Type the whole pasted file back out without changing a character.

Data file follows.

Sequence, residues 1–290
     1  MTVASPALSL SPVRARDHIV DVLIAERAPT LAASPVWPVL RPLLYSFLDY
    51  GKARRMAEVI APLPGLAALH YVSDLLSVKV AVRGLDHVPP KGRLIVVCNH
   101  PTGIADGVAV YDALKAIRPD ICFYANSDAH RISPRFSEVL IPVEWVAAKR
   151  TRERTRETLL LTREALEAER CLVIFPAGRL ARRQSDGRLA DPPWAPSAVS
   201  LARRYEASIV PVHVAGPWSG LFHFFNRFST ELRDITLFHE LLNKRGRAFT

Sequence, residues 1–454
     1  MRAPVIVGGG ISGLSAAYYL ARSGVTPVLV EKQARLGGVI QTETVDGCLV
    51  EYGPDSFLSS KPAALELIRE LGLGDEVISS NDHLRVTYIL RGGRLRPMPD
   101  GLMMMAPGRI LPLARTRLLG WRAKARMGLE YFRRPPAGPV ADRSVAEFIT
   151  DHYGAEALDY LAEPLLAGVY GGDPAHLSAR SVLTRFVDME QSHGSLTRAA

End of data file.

Sequence, residues 1–290
     1  MTVASPALSL SPVRARDHIV DVLIAERAPT LAASPVWPVL RPLLYSFLDY
    51  GKARRMAEVI APLPGLAALH YVSDLLSVKV AVRGLDHVPP KGRLIVVCNH
   101  PTGIADGVAV YDALKAIRPD ICFYANSDAH RISPRFSEVL IPVEWVAAKR
   151  TRERTRETLL LTREALEAER CLVIFPAGRL ARRQSDGRLA DPPWAPSAVS
   201  LARRYEASIV PVHVAGPWSG LFHFFNRFST ELRDITLFHE LLNKRGRAFT

Sequence, residues 1–454
     1  MRAPVIVGGG ISGLSAAYYL ARSGVTPVLV EKQARLGGVI QTETVDGCLV
    51  EYGPDSFLSS KPAALELIRE LGLGDEVISS NDHLRVTYIL RGGRLRPMPD
   101  GLMMMAPGRI LPLARTRLLG WRAKARMGLE YFRRPPAGPV ADRSVAEFIT
   151  DHYGAEALDY LAEPLLAGVY GGDPAHLSAR SVLTRFVDME QSHGSLTRAA